And when the Cardinal took over at the Washington 45 with 2:13 left in the game and the Huskies trailing 31-14, Stanford Head Coach David Shaw had seen enough. He called off the Card, running the ball and killing the game off when some coaches would have gone for one last dagger. But that’s not the Stanford Way. They’d rather be like Muhammad Ali, battering George Foreman and then never having to deliver that final punch as Foreman was on his way to the canvas.
Chris Petersen wants the Stanford Way to be the Washington Way. But it wasn’t to be on Saturday. The Dawgs were beaten the moment they walked through the tunnel, before a pass was made or a ball was kicked.
“Stanford, they kind of build it how you’d like to build it,” Petersen said. “They have big, physical guys. They’ve got old guys. There are enough guys that have played out there that there’s a good blend there. They play hard. I think Coach Shaw does a good job here building the program how it needs to be built.”
Let’s put together a quick check list of what a football program would ideally require to perform at a high level: Experience and depth at a vast majority of positions; an upperclassman quarterback; game-changing skill players; an offensive line that makes defensive coordinators wince; coaching continuity.
The Stanford Cardinal have all those things. Washington is developing all those things.
There’s a reason why the story of David and Goliath is a well-known sports parable; it’s the exception that proves the rule. And the rule is this; older, more-experienced teams have a field day over much younger counterparts. And this was on full display Saturday night.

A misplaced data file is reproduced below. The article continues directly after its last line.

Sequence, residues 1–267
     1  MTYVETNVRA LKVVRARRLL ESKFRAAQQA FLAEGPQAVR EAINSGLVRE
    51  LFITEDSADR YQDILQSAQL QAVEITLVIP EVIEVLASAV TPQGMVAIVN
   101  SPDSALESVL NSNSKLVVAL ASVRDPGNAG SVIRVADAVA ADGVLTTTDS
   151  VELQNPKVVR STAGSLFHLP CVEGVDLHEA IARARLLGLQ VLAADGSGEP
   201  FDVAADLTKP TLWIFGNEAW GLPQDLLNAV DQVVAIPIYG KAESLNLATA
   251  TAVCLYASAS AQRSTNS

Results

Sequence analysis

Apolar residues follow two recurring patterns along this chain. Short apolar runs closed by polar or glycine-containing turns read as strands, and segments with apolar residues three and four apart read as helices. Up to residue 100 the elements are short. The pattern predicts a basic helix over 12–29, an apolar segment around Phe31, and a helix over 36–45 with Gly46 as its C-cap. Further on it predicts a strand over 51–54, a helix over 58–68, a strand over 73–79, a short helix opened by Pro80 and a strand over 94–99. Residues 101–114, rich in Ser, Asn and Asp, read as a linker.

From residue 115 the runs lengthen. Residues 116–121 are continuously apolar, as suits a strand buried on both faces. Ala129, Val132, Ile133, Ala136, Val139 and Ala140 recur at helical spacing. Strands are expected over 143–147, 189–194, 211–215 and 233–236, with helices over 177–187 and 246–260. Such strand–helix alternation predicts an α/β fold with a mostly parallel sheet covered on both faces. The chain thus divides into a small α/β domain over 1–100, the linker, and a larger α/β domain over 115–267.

Eighteen of Stanford’s 22 players in their offensive two-deeps are either juniors, seniors, or fifth-year seniors - thirteen on defense. The Cardinal have only two positions where their two-deeps are occupied by sophomores or younger, and one of those positions is their nickel back.
Compare that to Washington’s two-deeps - nine upperclassmen on offense and eight on offense. And that defensive list includes two players that didn’t play Saturday night; Joe Mathis and Brandon Beaver. Twenty-one of Washington’s 56 players listed on the official participation chart are sophomores or younger.
Of Stanford starters, 16 were listed as juniors or older. Washington had seven.
Youth was only one of the many obstacles placed between the Huskies and a win Saturday. They lost their starting quarterback, Jake Browning, and that’s never a formula for success when you’re road Dawgs versus a top-10 team.
Backup K.J. Carta-Samuels was thrown into the fire, and although he finished the game admirably Petersen admitted after the game that they weren’t going to go Air Raid from the opening whistle.
“I think he knows what he’s doing, but I think the first game against a good defense, we wanted to be fair to him,” Petersen said after the game. “We didn’t want to put our defense in a bad situation and have an untimely turnover or anything like that. You’re kind of playing that cat and mouse game a little bit.
“The first half was rough in terms of the game is different than practice. The second half, he kind of settled in a little bit. You can that he can throw the ball; he can make good throws. He really can. I was proud of him. I’m glad we left him in there to keep slinging it. He made some good decisions. We’ll analyze the tape and see exactly what he could have done a little bit better. It starts up front and kind of goes quickly to the quarterback.”